My review of Spit Temple: The Selected Performances of Cecilia Vicuña, edited and translated by Rosa Alcalá (Brooklyn: Ugly Duckling Presse, 2012) is now online at Intercapillary Space.

After reading Spit Temple, I immediately went back to some of Vicuña’s earlier books, her selected poems Unravelling Words & the Weaving of Water, and the writing-drawings of Instan. In documenting a separate, performance-based part of Vicuña’s eclectic and unified practice, Spit Temple also illuminates how to read these other seemingly more page-centric publications.

Unravelling Words, for example, whilst giving space to Vicuna’s installations and actions, is often the conventional bi-lingual poetry collection, English (translation) and Spanish (original) poems facing each other across recto and verso. Spit Temple makes apparent not only how Vicuña herself moves between different languages, but how printed poems and books are fluid, momentary constellations, ever liable to transformation, within ongoing relationships of oral and written that Vicuña describes variously here as “in tension like lovemaking” and “war zone.”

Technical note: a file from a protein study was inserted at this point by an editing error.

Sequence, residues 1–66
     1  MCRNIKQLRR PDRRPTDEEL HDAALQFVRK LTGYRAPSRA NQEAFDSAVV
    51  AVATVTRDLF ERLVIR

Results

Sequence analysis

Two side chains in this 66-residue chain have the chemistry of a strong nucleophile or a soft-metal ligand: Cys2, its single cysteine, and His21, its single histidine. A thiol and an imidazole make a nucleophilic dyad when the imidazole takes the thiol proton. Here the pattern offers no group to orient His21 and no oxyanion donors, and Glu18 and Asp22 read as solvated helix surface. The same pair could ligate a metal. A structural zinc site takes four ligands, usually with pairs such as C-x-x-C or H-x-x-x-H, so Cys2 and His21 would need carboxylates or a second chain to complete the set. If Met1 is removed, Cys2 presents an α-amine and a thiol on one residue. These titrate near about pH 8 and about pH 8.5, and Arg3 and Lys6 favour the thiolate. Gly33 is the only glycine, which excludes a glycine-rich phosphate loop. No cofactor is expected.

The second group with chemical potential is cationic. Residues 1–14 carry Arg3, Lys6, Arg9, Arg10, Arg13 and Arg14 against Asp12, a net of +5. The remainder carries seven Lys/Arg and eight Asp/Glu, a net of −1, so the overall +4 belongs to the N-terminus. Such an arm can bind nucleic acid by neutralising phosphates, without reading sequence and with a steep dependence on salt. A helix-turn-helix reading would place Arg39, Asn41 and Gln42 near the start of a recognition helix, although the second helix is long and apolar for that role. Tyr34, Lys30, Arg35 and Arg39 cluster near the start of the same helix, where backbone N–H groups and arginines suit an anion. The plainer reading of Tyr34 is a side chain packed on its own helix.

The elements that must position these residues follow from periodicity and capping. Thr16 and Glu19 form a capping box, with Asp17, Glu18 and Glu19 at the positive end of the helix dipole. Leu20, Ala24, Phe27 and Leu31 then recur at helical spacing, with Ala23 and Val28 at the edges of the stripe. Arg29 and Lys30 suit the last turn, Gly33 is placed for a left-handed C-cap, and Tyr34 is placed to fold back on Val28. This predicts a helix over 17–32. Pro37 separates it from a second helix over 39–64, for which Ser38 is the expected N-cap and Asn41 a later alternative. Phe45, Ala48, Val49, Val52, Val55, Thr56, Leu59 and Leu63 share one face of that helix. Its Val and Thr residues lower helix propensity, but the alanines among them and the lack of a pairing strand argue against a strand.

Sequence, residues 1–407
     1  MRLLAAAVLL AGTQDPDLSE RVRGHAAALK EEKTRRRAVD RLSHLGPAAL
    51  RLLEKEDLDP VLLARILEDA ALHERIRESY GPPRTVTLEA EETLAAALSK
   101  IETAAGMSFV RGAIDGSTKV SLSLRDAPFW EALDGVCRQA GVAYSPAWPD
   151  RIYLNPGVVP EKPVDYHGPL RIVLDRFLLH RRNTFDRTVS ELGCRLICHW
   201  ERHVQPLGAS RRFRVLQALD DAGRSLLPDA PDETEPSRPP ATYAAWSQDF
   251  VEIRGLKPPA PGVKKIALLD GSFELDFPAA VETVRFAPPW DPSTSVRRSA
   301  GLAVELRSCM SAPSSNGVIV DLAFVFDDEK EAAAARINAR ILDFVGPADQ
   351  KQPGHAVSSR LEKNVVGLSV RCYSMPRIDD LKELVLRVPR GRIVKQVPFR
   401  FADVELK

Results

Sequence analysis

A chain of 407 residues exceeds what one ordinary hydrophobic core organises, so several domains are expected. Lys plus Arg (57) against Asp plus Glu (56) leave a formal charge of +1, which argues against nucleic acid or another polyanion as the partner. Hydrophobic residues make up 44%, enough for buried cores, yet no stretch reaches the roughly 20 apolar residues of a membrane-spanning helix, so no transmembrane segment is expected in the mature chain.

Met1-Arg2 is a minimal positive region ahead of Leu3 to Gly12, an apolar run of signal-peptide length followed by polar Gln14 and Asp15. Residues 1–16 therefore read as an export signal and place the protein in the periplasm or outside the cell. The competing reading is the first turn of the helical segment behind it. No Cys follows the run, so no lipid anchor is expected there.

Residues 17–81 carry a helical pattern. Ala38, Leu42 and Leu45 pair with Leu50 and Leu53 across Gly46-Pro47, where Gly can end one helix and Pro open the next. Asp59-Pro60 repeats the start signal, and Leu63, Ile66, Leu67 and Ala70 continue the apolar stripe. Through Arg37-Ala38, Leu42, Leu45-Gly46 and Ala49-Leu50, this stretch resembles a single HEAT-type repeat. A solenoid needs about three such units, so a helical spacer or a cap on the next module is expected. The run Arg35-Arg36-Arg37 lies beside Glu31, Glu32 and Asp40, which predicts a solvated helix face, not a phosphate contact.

Likewise, Instan’s pencil writing-drawings become elucidated by the reproduction in Spit Temple of sheets of scribbled notes made in preparation for performances. The pages in Instan are much more finished, but both evidence a thought process seeking to “diagram” words, break them into syllables and space, find new wor(l)ds through multiple versionings (Kenneth Sherwood’s term, from his essay here) expressive of how “A poem only becomes poetry when its structure/ is made not of words but forces.”


Continue reading here.



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